January 3, 2011 — If you have been injured after taking DMAA, you may have a DMAA lawsuit. The drug is found in many popular dietary supplements used for weight-loss, pre-workout boosters, and as an energy enhancer (including Jack3d and OxyELITE Pro). Recently, it has come under intense legal scrutiny after it was found the bloodstream of several people who collapsed, had heart attacks, or died — including two soldiers, and several people taking DMAA in party pills. Though the Food and Drug Administration has not yet reviewed the regulatory status and safety of the products, the Department of Defense has recently decided to ban the sale of the products on U.S. military bases.

A DMAA lawsuit has been filed in the U.S. District Court in the Central District of California against USPLabs and their popular OxyELITE Pro and Jack3d products. Though the drug-maker claims their products are safe to use, the complaint alleges that the products contain drugs “in a synthetic form that is both illegal and dangerous.” Though there is no scientific evidence linking the use of DMAA to severe, life-threatening side effects, many organizations are erring on the side of caution and moving to regulate, ban, or limit the sales of the drug.

What is DMAA? It has several names, and may be noted on supplement ingredient labels as 1,3-dimethylamylamine, Methylhexaneamine, MHA, or “geranium extract.” The compounds in the drug are similar to amphetamines and ephedrine, and have stimulant effects on the body.

Unfortunately, they may also cause severe side effects. The Department of Defense decided to ban sales of the drug on military bases after finding an unreasonable danger that the products increased blood pressure, caused headaches, lightheadedness, stroke, depression, irregular heartbeat, dehydration, tremors, and lethal exhaustion.

Several severe adverse events have been reported. In January 2012, a New Zealand man suffered a cerebral hemorrhage after taking DMAA. Two soldiers who had heart attacks during physical training had the drug in their bloodstream. In another event, three soldiers and two Marines who collapsed during heavy exercise were taking the drug. Because it is marketed and used to improve physical performance, the World Anti-Doping Agency lists DMAA as a prohibited stimulant.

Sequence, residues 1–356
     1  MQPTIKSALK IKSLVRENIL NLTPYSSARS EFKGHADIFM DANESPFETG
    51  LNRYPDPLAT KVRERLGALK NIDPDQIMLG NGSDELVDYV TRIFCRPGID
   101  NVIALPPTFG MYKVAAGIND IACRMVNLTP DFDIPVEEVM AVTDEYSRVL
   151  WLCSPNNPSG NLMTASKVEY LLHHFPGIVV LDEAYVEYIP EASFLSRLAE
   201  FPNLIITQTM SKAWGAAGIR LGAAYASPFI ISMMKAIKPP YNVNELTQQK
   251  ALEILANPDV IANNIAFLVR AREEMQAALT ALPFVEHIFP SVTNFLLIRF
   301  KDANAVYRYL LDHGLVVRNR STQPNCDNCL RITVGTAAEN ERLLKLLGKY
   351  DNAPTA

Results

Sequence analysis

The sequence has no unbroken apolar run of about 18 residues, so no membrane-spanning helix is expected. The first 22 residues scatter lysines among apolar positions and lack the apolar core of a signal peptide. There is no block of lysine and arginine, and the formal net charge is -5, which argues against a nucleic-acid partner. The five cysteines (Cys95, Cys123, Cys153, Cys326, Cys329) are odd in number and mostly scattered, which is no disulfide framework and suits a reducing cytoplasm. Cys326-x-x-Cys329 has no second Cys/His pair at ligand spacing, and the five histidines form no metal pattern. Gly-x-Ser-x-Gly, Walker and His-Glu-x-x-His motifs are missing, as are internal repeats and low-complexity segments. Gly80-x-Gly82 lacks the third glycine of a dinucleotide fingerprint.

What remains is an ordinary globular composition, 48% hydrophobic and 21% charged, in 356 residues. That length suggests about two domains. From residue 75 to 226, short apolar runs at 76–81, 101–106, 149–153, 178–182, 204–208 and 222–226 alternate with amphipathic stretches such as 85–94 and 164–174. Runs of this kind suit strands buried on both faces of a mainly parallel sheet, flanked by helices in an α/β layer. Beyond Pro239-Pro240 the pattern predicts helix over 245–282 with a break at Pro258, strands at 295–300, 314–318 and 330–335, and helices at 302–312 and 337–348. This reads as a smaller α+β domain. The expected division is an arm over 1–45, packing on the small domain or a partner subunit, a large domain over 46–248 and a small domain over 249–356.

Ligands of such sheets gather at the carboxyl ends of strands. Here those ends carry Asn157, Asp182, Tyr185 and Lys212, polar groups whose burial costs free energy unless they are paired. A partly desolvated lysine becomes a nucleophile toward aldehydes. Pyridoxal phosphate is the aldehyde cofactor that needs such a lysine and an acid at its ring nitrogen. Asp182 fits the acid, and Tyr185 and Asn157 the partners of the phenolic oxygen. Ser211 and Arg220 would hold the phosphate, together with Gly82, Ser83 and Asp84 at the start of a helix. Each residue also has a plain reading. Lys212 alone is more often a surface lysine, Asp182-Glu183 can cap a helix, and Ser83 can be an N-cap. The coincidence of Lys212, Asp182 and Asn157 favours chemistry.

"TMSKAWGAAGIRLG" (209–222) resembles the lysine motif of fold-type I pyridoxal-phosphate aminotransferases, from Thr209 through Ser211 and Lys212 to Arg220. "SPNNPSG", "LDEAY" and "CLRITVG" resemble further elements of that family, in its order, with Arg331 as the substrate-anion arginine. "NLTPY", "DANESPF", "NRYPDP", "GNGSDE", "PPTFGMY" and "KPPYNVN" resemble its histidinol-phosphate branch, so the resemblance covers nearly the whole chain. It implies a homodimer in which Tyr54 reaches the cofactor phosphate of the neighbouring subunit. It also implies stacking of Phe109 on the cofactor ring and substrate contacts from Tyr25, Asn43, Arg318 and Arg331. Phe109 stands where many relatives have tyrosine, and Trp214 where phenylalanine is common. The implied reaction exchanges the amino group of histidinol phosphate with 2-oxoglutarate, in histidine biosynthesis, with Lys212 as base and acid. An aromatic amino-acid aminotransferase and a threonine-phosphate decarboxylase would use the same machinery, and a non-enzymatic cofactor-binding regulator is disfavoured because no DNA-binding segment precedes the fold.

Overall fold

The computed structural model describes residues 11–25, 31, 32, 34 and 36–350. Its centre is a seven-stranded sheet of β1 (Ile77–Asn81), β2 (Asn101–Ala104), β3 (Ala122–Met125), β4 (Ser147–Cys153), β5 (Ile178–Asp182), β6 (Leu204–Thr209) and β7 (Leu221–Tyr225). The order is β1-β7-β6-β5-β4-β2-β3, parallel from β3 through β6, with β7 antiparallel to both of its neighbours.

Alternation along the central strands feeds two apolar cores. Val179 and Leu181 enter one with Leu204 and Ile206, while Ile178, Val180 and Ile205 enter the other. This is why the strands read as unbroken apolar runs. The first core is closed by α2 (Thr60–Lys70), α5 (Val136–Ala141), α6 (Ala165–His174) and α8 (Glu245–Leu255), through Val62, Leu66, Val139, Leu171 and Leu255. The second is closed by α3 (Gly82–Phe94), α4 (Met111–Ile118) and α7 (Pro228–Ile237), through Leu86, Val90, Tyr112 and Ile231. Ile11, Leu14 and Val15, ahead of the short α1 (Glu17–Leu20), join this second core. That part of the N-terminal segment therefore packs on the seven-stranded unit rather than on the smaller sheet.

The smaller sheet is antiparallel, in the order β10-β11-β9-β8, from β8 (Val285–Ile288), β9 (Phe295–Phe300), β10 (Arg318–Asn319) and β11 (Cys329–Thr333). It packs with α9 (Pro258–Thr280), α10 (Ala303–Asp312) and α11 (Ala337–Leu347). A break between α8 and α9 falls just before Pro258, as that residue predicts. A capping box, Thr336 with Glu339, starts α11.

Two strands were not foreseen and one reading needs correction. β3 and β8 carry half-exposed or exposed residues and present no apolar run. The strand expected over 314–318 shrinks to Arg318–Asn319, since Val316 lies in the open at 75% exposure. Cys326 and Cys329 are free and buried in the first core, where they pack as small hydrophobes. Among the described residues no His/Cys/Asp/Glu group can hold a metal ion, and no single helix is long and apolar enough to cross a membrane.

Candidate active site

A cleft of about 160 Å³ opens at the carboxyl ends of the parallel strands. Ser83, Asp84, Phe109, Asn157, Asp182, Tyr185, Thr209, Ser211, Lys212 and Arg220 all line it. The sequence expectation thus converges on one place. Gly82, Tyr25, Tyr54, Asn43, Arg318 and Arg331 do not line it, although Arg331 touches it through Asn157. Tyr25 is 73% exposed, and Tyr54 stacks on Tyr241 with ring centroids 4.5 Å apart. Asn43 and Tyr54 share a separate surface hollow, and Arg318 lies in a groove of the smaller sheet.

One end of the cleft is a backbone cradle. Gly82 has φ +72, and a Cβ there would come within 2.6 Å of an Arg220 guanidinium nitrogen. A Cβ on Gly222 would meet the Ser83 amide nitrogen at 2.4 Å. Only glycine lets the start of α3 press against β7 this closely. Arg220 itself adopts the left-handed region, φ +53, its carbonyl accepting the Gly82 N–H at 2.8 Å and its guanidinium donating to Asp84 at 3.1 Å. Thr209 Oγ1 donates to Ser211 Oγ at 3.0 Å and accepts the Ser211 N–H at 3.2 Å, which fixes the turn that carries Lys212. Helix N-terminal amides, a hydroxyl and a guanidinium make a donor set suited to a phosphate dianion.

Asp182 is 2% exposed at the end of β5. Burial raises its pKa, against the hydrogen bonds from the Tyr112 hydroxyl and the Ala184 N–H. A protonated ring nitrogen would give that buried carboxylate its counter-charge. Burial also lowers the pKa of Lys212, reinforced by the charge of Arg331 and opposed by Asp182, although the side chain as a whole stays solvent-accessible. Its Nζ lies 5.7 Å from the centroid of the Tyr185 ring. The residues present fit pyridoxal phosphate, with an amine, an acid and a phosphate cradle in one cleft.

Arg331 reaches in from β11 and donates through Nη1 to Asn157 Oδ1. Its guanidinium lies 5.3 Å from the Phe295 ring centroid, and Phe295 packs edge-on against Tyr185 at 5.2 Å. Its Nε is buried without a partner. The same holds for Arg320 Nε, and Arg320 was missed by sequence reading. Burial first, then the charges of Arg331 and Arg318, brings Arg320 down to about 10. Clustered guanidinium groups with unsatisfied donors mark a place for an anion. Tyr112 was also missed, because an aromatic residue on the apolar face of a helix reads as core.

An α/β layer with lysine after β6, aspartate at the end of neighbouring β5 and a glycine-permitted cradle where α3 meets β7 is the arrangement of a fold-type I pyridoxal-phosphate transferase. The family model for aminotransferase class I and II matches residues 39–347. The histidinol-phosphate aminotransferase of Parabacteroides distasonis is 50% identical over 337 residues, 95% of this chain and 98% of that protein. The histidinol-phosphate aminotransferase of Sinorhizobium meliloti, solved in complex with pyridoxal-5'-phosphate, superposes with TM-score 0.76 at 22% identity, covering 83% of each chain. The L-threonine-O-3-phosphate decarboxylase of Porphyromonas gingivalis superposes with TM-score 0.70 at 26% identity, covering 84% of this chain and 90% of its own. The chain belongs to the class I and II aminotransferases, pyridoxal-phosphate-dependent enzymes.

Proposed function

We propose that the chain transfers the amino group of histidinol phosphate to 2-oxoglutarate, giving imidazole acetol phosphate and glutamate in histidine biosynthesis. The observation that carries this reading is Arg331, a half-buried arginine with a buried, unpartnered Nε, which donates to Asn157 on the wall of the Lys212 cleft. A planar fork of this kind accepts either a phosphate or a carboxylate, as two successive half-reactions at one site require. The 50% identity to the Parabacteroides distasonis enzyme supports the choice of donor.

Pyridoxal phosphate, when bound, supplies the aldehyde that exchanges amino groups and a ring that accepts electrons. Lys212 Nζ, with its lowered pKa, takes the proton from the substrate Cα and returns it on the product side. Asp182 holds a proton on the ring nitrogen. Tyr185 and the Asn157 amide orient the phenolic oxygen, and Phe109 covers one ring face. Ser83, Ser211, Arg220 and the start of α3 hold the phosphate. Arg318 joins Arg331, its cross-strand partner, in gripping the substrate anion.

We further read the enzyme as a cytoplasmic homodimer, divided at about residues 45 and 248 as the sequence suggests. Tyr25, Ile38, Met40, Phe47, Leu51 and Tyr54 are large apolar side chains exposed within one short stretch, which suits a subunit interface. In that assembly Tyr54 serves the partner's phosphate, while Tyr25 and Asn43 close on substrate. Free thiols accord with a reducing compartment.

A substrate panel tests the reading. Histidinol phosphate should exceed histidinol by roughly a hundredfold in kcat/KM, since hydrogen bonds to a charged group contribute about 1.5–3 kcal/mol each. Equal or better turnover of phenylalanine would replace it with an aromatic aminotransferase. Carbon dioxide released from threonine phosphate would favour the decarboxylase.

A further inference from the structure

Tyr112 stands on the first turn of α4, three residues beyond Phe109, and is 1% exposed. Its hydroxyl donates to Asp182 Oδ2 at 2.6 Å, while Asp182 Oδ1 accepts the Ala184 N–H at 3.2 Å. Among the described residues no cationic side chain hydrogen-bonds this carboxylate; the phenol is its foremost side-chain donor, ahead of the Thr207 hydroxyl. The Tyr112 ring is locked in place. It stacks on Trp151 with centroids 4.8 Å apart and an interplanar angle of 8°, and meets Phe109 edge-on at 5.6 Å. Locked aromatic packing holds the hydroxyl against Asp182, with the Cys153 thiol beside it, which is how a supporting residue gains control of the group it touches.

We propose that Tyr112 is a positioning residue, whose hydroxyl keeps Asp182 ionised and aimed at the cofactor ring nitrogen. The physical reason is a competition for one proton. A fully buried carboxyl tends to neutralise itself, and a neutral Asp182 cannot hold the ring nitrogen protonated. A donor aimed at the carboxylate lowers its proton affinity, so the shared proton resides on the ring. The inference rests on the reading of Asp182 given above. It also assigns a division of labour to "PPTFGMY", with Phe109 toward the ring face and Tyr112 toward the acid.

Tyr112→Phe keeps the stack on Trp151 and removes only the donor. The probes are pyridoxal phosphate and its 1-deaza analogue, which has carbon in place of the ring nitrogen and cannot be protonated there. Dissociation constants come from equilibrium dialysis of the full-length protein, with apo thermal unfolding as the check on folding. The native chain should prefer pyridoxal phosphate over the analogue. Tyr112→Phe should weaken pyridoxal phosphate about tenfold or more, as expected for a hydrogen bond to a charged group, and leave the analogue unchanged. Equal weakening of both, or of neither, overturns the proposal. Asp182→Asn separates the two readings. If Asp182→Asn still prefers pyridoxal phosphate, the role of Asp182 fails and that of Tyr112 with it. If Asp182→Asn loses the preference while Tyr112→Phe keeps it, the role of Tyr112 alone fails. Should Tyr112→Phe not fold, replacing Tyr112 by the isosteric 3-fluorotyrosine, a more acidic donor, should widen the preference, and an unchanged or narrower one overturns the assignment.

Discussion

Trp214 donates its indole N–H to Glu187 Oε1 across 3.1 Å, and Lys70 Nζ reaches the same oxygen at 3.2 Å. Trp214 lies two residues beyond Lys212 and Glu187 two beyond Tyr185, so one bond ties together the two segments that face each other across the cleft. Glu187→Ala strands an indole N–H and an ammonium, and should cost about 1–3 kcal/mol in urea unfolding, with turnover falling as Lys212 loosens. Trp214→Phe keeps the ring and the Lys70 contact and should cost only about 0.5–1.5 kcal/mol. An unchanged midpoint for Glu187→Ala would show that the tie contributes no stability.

There has also been a controversy over the labeling of DMAA, and whether it is a derivative of the geranium plant. A Chinese research study claimed that the product is an extract of the geranium stem, leaf, or other part of the plant. The study was published in a non-reputable journal, and since its publication, the findings have come under intense scrutiny. The American Herbal Products Association has warned its members not to list DMAA as a geranium-based product.

Dietary supplements that contain DMAA may include:

  • USPlabs Jack3d (Tropical Fruit and Lemon Lime)
  • USPlabs Oxy Elite Pro
  • Nutrex Lipo 6 Black Caps (his and hers)
  • Nutrex Lipo 6 Black Ultra Concentrated (his and hers)
  • Nutrex Hemo Rage Black Powder (Punch and Berry)
  • Isatori PWR
  • Muscletech Neurocore
  • Muscletech Hydroxyslim
  • Fahrenheit Nutrition Lean EFX
  • Muscle Warfare Napalm
  • All American Efx K-Otic
  • SNI Nitric Blast
  • BIORhythm SSIN Juice
  • Muscle Meds Code Red
  • SEI MethylHex (4 and 2)
  • Grenade (universal) Grenade
  • M.A.P. (iovate) Arson
  • Gaspari Nutrition Spirodex

How do I contact a DMAA Lawyer for a DMAA Lawsuit?

For a free consultation, please contact Collen A. Clark at The Clark Firm, LLP immediately. You may be entitled to compensation by filing a DMAA lawsuit.

Collen’s amazing success in the courtroom and well known dedication to his clients has earned him the recognition of his peers as one of The Top Trial Lawyers in Texas.”

The Clark Firm has assembled a team of trial lawyers with more that 100 years experience, participation in over 600 jury trials and $60 million in verdicts and/or settlements. Please use the form below to contact a DMAA lawyer for a free DMAA lawsuit review.